IBIS has several advantages over conventional documentation systems. Rittel and Kunz’s 1970  paper contains a nice summary of the advantages, which I paraphrase below:

  1. IBIS can bridge the gap between discussions and records of discussions (minutes, audio/video transcriptions etc,). IBIS sits between the two, acting as a short term memory. The paper thus foreshadows the use of issue-based systems as an aid to organizational or project memory.
  2. Many elements (issue, ideas or arguments) that come up in a discussion have contextual meanings that are different from any pre-existing definitions. In discussions, contextual meaning is more than formal meaning. IBIS  captures the former in a very clear way – for example a response to a question “What do we mean by X? elicits the meaning of X in the context of the discussion, which is then subsequently captured as an idea (position)”.
  3. Related to the above, the commonality of an issue with other, similar issues might be more important than its precise meaning. To quote from the paper, “…the description of the subject matter in terms of librarians or documentalists (sic) may be less significant than the similarity of an issue with issues dealt with previously and the information used in their treatment…”  With search technologies available, this is less of an issue now. However, search technologies are still limited in terms of finding matches between “similar” items (How is “similar” defined? Ans: it depends on context). A properly structured, context-searchable IBIS-based project archive may still be more useful than a conventional document archive based on a document management system.
  4. The reasoning used in discussions is made transparent, as is the supporting (or opposing) evidence. (see my post on visualizing argumentation for example)
  5. The state of the argument (discussion) at any time can be inferred at a glance (unlike the case in written records). See this post for more on the advantages of visual documentation over prose.

Issues with issue-based information systems

Lest I leave readers with the impression that IBIS is a panacea, I should emphasise that it isn’t. According to Conklin, IBIS maps have the following limitations:

  1. They atomize streams of thought into unnaturally small chunks of information thereby breaking up any smooth rhetorical flow that creates larger, more meaningful chunks of narrative.
  2. They disperse rhetorically connected chunks throughout a large structure.
  3. They are not is not chronological in structure (the chronological sequence is normally factored out);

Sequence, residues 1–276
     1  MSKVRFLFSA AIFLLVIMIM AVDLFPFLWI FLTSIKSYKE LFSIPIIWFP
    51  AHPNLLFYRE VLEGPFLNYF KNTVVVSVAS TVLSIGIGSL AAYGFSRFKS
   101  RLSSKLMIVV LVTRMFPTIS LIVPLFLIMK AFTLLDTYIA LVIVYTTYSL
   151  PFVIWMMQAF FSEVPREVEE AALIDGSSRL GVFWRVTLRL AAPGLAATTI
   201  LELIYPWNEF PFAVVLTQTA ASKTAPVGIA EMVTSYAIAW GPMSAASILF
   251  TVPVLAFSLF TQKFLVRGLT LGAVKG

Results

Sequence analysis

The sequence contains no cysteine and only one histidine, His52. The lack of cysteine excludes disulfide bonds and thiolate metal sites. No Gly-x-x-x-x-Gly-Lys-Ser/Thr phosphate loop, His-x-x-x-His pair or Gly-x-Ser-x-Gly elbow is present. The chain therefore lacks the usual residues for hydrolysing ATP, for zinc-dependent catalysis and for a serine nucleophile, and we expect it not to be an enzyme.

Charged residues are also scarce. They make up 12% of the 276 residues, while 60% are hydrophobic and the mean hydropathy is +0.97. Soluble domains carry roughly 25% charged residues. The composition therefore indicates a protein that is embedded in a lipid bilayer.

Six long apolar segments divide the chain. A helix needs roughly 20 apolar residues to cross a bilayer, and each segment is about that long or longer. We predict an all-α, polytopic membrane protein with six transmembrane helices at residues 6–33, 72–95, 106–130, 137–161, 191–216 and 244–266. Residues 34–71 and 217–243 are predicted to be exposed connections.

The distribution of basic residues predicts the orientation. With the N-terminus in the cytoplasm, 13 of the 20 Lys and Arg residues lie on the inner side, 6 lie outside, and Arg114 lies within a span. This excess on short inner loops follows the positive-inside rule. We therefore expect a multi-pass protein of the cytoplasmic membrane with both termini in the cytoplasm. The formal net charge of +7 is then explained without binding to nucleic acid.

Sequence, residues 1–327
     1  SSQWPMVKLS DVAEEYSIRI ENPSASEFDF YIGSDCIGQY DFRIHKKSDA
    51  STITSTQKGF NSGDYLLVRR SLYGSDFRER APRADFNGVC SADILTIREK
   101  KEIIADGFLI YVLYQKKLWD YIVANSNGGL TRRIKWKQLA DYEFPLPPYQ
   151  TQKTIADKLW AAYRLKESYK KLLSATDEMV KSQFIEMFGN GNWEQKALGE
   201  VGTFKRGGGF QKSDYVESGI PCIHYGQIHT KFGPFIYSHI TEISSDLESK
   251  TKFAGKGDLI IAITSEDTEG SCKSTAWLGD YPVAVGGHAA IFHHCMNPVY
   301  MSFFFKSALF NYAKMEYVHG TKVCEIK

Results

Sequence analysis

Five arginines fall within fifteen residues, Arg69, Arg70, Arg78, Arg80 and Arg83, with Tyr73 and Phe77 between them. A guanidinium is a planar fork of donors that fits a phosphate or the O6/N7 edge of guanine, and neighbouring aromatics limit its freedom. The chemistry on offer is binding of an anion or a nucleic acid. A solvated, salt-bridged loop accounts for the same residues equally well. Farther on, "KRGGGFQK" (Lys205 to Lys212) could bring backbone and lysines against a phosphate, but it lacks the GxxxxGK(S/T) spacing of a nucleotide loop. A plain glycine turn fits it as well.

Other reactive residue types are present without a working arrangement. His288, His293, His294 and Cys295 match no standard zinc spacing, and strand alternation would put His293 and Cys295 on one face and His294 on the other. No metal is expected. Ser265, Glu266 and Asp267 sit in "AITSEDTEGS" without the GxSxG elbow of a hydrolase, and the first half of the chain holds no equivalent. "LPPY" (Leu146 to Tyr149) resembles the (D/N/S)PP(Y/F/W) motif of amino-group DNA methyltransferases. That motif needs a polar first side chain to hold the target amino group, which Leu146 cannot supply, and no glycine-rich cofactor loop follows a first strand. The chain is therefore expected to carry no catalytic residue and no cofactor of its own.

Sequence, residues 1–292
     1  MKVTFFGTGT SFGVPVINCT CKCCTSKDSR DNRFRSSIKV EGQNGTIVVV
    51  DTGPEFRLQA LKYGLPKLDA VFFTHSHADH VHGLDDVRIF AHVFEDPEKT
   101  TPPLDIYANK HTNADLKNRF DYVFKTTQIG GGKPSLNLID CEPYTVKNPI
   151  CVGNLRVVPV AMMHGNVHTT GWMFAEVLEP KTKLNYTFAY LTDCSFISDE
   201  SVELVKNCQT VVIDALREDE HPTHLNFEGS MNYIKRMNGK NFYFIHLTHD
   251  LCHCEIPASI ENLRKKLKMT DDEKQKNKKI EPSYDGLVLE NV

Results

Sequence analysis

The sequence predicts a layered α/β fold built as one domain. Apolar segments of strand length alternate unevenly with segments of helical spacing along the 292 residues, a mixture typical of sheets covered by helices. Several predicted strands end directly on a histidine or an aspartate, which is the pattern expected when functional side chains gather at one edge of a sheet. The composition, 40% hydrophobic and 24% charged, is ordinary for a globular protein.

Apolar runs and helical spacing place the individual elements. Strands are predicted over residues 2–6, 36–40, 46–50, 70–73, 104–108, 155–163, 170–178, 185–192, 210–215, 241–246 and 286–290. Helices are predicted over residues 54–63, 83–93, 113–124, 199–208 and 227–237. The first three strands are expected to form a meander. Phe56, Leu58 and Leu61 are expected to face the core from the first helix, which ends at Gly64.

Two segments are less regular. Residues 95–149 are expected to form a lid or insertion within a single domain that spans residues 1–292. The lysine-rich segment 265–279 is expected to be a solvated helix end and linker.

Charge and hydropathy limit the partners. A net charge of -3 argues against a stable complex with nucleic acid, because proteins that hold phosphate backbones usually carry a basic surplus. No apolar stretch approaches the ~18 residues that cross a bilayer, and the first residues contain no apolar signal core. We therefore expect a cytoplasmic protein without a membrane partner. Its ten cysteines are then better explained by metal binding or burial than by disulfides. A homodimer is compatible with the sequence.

4. Contributions are not attributed (who said what is normally factored out).
  5. They do not convey the maturity of the map – one cannot distinguish, from the map alone, whether one map is more “sound” than another.
  6. They do not offer a systematic way to decide if two questions are the same, or how the maps of two related questions relate.

Some of these issues (points 3, 4) can be addressed by annotating nodes;  others are not so easy to solve.

Concluding remarks

My aim in this post has been to introduce readers to the IBIS notation, and also discuss its origins, development and limitations.  On one hand, a knowledge of the origins and development  is valuable because it  gives  insight into the rationale behind the technique, which leads to a better understanding of the different ways in which it can be used. On the other, it is also important to know a technique’s limitations,  if for no other reason than to be aware of these so that one can work around them.

Before signing off, I’d like to mention an observation from my experience with IBIS. The real surprise for me has been that the technique can capture most written arguments and discussions,  despite having only three distinct elements and a very simple grammar. Yes, it does require some thought to do this, particularly when mapping discussions in real time. However,  this cognitive “overhead”  is good because  it forces the mapper to think  about what’s being said  instead of just writing it down blind. Thoughtful transcription is the aim of the game. When done right, this results in a map that truly reflects a  shared understanding of the complex  (and possibly wicked) problem under discussion.

There’s no better coda to this post on IBIS than the following quote from  this paper by Conklin:

…Despite concerns over the years that IBIS is too simple and limited on the one hand or too hard to use on the other, there is a growing international community who are fluent enough in IBIS to facilitate and capture highly contentious debates using dialogue mapping, primarily in corporate and educational environments…

For me that’s reason enough to improve my understanding of IBIS and its applications,  and to look for opportunities to use it in ever more challenging situations.